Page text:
'A Blink of an Eye, Astronomically': What Does It Actually Mean?

In a January 15 Science news item, Yudhijit Bhattacharjee reported that the earliest galaxies began to form around 300 million years after the Big Bang. He said this was:

A blink of an eye in astronomical time.

Of course that is just a figure of speech, but I thought we should figure that figure of speech out. Just what is a "blink of an eye" astronomically?

The best guess for the age of the universe is about 14 billion years, maybe a little less. There's about 365 and a quarter days per year, accounting for leap years, and 24 hours to each day. Each hour has 60 minutes, and each hour has 60 seconds. Multiplying those together tells us that 14 billion years translates to a humongous number of seconds. How many?

Write down 44 and then write 16 zeros after it: the actual number is just over 440,000,000,000,000,000 seconds. That figure is -- currently -- larger than our budget deficit. So it's pretty big.

A real blink of an eye takes 300 to 400 milliseconds. Since there's 1,000 milliseconds in each second, a blink of an eye takes about 1/3 of a second.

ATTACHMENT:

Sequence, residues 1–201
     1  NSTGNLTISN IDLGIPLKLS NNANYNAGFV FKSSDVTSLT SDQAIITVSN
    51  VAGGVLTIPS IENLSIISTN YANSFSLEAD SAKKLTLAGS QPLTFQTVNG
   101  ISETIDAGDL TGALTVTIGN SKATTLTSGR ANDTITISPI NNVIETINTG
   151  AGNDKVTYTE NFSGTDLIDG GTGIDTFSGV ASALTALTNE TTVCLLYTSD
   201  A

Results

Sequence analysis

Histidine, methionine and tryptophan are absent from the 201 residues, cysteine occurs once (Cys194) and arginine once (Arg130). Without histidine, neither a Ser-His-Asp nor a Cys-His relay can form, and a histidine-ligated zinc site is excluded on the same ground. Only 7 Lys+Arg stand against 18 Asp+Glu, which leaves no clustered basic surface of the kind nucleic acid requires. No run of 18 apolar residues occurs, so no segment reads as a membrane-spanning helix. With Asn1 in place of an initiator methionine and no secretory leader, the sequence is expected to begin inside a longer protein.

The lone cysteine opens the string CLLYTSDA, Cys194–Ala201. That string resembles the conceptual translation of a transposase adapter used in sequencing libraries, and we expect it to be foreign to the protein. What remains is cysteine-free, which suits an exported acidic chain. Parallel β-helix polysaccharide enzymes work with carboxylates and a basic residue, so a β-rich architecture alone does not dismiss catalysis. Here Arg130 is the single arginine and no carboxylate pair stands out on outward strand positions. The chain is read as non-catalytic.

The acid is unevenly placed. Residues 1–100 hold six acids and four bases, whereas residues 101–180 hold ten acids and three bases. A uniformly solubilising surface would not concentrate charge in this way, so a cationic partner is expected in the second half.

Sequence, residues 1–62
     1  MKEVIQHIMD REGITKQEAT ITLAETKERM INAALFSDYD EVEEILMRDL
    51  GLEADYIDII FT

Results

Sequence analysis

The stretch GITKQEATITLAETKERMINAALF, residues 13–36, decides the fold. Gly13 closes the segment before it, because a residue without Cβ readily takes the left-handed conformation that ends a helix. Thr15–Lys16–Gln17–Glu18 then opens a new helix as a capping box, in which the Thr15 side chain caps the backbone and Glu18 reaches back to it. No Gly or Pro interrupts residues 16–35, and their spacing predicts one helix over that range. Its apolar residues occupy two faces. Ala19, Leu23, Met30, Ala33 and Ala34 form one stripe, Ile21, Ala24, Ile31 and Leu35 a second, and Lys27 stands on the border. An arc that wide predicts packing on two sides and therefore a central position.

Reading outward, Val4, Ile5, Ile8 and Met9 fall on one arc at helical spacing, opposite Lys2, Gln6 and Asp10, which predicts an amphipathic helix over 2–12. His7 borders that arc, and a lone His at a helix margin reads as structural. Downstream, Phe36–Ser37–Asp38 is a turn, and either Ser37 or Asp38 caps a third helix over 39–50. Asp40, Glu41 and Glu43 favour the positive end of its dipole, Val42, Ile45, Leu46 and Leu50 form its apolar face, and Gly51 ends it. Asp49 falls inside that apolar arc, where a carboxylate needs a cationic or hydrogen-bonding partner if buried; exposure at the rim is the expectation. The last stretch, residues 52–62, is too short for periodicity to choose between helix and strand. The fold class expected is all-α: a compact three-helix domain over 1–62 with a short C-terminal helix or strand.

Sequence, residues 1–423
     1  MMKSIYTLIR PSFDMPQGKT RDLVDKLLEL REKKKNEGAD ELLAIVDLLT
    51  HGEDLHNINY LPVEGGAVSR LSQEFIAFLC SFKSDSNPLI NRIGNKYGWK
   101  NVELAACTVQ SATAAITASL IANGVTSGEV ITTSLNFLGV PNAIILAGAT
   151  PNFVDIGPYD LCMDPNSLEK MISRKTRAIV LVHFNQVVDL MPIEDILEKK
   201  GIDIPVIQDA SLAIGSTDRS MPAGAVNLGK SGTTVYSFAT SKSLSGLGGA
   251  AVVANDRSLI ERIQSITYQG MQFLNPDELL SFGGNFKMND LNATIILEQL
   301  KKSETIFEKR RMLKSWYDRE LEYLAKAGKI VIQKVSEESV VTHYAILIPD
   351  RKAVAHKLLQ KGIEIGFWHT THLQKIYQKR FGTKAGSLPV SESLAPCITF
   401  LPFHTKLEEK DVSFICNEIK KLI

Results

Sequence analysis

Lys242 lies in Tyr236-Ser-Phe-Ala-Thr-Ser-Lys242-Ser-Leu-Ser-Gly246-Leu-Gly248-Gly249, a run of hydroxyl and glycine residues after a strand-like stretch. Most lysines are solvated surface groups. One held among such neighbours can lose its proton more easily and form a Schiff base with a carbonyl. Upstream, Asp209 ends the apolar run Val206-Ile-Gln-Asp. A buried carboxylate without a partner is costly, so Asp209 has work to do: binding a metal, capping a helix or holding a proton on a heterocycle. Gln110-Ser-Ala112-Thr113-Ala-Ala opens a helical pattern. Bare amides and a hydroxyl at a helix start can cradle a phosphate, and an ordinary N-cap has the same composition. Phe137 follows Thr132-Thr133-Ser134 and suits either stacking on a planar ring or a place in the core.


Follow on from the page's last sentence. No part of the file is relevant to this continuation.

Compared to the time span of one full second, a blink of an eye is an eternity. Thirty-three percent of that second is given over to blindness, after all. But if you're measuring the length of the blink with respect to an hour, the disparity isn't so dramatic. And still less dramatic is the time of a blink weighed against the time it takes the Earth to spin once around its axis (Berkeley High School graduates: that's one day).

These comparisons are necessary because the blink of an eye is meaningful only when it is measured against some base, or when it is contrasted with some reference. The reference provides us with a ratio: the length of time of a blink to the length of time of the reference. Once we decide the reference, we'll use it in calculating the ratio of the length of time for an "astronomical-blink" to the length of time the universe existed.

It works like this: We'll know the reference time, the length of the blink, and the age of the universe. We can use those to solve for the length of the astro-blink by applying the beloved techniques of high school algebra. So what's the best reference?